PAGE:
January 2, 2017
Don't Wait to Treat Prediabetes
Prediabetes is defined as impaired glucose tolerance or impaired fasting glucose. Prediabetes is associated with an increased risk of cardiovascular disease and all-cause mortality. This is not something that doctors wish to recognize or discuss, as they are hesitant to give their patients concern about prediabetes.
The risk increased in people with a fasting glucose concentration as low as 100 mg/dl (5.55 mmol/L). A1C of 5.7%-6.5% (39-47 mmol/mol) or A1C of 6%-6.5% (42-47 mmol/mol) was associated with an increased risk of composite cardiovascular disease and coronary heart disease. Lifestyle modification is now the main management for people with prediabetes.
The question comes up after reviewing these studies as to whether we need to lower the cut-off point for defining prediabetes and that we might want to change the definition of prediabetes to a single number and not a range. Most doctors won't even consider this in a discussion of prediabetes.
The health risks and mortality associated with prediabetes seem to increase at the lower cut-off point for blood sugar levels recommended by some guidelines, finds a large study published in The BMJ. Prediabetes is a “pre-diagnosis” of diabetes — when a person’s blood glucose level is higher than normal, but not high enough to be considered diabetes. If left untreated, prediabetes can develop into type 2 diabetes. An estimated 79 million people in the U.S. are thought to be affected.
Doctors define prediabetes as impaired fasting glucose (higher than normal blood sugar levels after a period of fasting), impaired glucose tolerance (higher than normal blood sugar levels after eating), or raised hemoglobin levels. But the cut-off points vary across different guidelines and remain controversial.
For example, the World Health Organization (WHO) defines prediabetes as fasting plasma glucose of 110-125 mg/dl.(6.1-6.9 mmol/L), while the American Diabetes Association (ADA) guideline recommends a cut-off point of 100-125 mg/dl.(5.6-6.9 mmol/L.)
Results of studies on the association between prediabetes and the risk of cardiovascular disease and all-cause mortality are also inconsistent. Furthermore, whether raised hemoglobin A1C levels for defining prediabetes is useful for predicting future cardiovascular disease is unclear.
So, a team of researchers from the affiliated Hospital at Shunde, Southern Medical University in China analyzed the results of 53 studies involving over 1.6 million individuals to shed more light on associations between different definitions of prediabetes and the risk of cardiovascular disease, coronary heart disease, stroke, and all-cause mortality. They found that prediabetes, defined as impaired fasting glucose or impaired glucose tolerance, was associated with an increased risk of cardiovascular disease and all-cause mortality. The risk increased in people with a fasting glucose concentration as low as 100 mg/dl.(5.6 mmol/L) — the lower cut-off point according to ADA criteria.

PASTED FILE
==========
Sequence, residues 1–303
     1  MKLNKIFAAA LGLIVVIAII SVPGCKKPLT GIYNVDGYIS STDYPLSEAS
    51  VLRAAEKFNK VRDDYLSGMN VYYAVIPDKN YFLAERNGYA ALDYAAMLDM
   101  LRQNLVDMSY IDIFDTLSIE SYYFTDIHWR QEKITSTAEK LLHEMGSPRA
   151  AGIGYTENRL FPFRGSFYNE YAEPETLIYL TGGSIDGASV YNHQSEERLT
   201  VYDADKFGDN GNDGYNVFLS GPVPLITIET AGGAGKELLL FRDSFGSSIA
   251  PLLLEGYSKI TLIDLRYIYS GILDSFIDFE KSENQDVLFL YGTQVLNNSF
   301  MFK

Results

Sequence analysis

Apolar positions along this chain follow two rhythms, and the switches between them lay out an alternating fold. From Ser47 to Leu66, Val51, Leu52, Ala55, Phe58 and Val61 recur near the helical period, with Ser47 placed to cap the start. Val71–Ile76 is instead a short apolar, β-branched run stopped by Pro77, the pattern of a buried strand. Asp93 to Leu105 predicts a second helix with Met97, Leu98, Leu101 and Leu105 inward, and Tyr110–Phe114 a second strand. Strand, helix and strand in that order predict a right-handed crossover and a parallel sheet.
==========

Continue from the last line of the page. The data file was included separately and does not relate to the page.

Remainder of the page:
Raised hemoglobin A1C levels were also associated with an increased risk of cardiovascular disease and coronary heart disease, but not with an increased risk of stroke and all-cause mortality.
The authors point to some study limitations that could have influenced their results, and say pulling observational evidence together in a systematic review and meta-analysis is a good way to consider all the evidence at once, “but we cannot make statements about cause and effect. We would need to look at experimental evidence for that.” However, they say their findings “strongly support” the lower cut-off point for impaired fasting glucose and raised hemoglobin A1C levels proposed by the ADA guideline.
They conclude that lifestyle change — eating a healthy balanced diet, keeping weight under control, and doing regular physical activity — is the most effective treatment at this time.
In conclusion, researchers found that prediabetes defined as impaired fasting glucose or impaired glucose tolerance is associated with an increased risk of composite cardiovascular events, coronary heart disease, stroke, and all-cause mortality. There was an increased risk in people with fasting plasma glucose as low as 100 mg/dl (5.6 mmol/L). Additionally, the risk of composite cardiovascular events and coronary heart disease increased in people with raised A1c, over 5.6%. These results support the lower cut-off point for impaired fasting glucose according to ADA criteria as well as the incorporation A1C in defining prediabetes. At present, lifestyle modification is the mainstay management for people with prediabetes. High risk subpopulations with prediabetes, especially combined with other cardiovascular risk factors, should be selected for controlled trials of pharmacological treatment because at this time we have no FDA-approved medications for prediabetes.
Chief investigator Yunzhao Hu, MD, PhD, professor in the department of cardiology at First People’s Hospital of Shunde in Foshan, China, added that, “The risk increased in people with fasting glucose levels as low as 100 mg/dl and with HbA1c of 5.7%…. So, we believe people with prediabetes should be followed up clinically and keep a healthy lifestyle. Plus, we need to develop models for risk stratification in people with prediabetes, and we need to find a drug treatment that can prevent CVDs in them.”